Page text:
The failure of the legalist approach of Egypt’s Muslim Brotherhood has had a significant impact on the way a young generation of Arabs, regardless of their political preferences, see institutions and political systems. For the Islamists among them, it seemed that despite their efforts to understand and play by the rules, they would never be accepted. Decisive results at the ballot box could be contested. Elections were not a genuine means to access power. Moreover, the brutality of military repression is heightening feelings of defiance among Islamists toward the state and its institutions. More than a military coup, the events in Egypt represent a major missed opportunity to reconcile a whole generation with the state.

The risk of violent reaction from the younger generation cannot be dismissed, though it is worth noting that, since the coup, the pro-Brotherhood student organizations that are still demonstrating against military oppression have been careful not to fall into the trap of using violence. That said, there is a correlation between the military coup and subsequent crackdown and the rise of ISIS and other extremist groups in Egypt. Violence begets violence, and this infernal cycle is nourished by dictatorship, whether based on military power, secular ideology, or Islamic rhetoric. We shouldn’t be surprised by the loss of credibility of much vaunted “universal values,” which weren’t strong enough to protect democratic transitions, human rights, and individual liberties in much of the Arab world. This failure has led to a loss of faith in democracy as the way to manage a society or as a good system for power sharing.

We usually read that the Egyptian coup essentially induced Ennahda’s decision to step down and accept the handing over of power to a technocratic government whose main mission was to organize legislative and presidential elections within a year’s time. This has often been interpreted as a surrender on Ennahda’s part, with the ouster of the Muslim Brotherhood in Egypt as a kind of turning point in Ennahda’s thought. I think that this view doesn’t quite capture the full picture and tends to forget several important things.

Initially, the start of the Tunisian political crisis of summer 2013 wasn’t triggered by the coup in Egypt but rather by the assassination of Mohamed Brahmi, a prominent leftist politician. This re-ignited the country’s previous crisis of February 2013, following the assassination of the politician Chokri Belaid. Though the Egyptian coup may have accelerated the process and reinforced the demands of the secular opposition, the confrontation inside Tunisia preceded the removal of Mohamed Morsi from power.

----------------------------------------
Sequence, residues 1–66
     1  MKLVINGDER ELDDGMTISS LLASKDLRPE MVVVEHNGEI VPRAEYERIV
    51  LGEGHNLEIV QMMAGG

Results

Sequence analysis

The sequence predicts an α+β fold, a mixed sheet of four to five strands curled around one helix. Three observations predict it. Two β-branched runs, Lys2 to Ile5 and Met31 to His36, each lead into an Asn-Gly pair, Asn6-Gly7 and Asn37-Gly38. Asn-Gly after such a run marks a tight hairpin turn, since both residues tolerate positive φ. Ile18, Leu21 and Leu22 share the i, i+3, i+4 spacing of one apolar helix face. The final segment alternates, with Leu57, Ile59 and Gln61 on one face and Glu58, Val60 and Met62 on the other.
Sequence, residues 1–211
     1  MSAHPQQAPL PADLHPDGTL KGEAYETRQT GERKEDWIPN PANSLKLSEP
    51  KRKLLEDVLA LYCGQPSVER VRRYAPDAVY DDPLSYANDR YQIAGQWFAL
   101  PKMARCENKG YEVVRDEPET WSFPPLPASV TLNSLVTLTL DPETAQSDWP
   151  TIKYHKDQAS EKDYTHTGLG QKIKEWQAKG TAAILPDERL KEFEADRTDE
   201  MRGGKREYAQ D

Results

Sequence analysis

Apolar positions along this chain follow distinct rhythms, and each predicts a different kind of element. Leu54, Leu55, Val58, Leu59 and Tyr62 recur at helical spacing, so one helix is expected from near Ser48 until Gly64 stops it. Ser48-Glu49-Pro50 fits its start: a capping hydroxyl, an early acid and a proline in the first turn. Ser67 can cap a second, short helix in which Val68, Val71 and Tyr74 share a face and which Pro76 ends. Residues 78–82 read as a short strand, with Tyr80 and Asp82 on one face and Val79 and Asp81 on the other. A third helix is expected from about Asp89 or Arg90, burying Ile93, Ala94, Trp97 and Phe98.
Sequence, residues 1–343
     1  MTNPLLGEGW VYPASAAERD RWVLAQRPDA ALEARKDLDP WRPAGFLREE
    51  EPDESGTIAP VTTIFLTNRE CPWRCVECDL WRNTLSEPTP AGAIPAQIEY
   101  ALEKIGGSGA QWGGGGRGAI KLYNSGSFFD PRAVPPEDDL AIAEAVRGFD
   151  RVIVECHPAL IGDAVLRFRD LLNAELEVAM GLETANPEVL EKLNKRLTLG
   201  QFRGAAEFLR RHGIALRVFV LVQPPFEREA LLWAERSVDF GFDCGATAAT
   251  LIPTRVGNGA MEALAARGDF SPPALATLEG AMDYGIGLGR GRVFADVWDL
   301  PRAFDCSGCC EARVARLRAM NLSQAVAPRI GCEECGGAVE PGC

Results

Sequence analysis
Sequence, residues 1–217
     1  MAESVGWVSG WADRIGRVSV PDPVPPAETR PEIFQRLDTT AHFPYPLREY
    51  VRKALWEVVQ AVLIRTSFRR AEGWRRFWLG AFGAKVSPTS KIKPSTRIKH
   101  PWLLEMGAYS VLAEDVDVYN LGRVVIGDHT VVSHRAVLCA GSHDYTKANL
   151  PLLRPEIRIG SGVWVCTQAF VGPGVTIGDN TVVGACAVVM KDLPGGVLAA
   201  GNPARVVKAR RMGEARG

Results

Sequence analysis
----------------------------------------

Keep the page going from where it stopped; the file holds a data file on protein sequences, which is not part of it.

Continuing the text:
But, more generally, we need to go back to the very start of the democratic transition in 2011 to better grasp how events unfolded. Consider, for example, the attitude of Ennahda since the October 2011 elections, after which the party decided not to govern alone and to instead share power with two very ideologically different parties, the secular nationalist Congress for the Republic (CPR) and the socialist Ettakatol. I consider this a continuation of a process which started in 2005 with the 18th of October Collectif, when various parties from the opposition to President Zine al-Abidine Ben Ali decided to launch an inclusive dialogue process to reach consensus on fundamental issues.

The conclusions of these discussions were published in a book, which summarized areas of agreement on core concerns, such as the civil character of the state, the nature of the regime, the importance of civil liberties, and women’s rights.  In other words, sharing power and prioritizing dialogue over exclusivism was part of Ennahda’s philosophy well before the Egyptian coup and even the uprisings of 2011.

Since the start of the democratic transition, it was not unusual to hear Rached Ghannouchi speaking about the importance of making the process as inclusive as possible, regardless of the political weight of the various parties. This, he argued, was the best way to secure the transition. A desire to minimize political resistance to democratization by inviting the maximum number of political actors to participate reflects a clear commitment on the part of Ennahda leaders. Political inclusion is highly valued by Ghannouchi and party leaders as a tool to reinforce democratic institutions. The polarizing nature of the lustration debate in 2013 – over whether or not to bar old regime figures from electoral participation – led us to further conclude that exclusion couldn’t be the solution if we wanted to sustain the health and stability of the transitional process. The Libyan and the Iraqi experiences of lustration played an important role as counter-examples, helping to convince Ennahda parliamentarians to vote against the proposed electoral exclusion law to avoid a similar scenario. Given all of this, it shouldn’t be surprising to see Ennahda calling for unity and inclusion. As the head of a list of candidates in the parliamentary elections, I campaigned on national unity, defending the proposal for a national coalition government. To be sure, it required considerable time and effort to explain to voters the necessity of bringing in as many political forces as possible to support vital economic and social reforms. It’s not necessarily easy to campaign for the benefits of a complex and unusual political balance.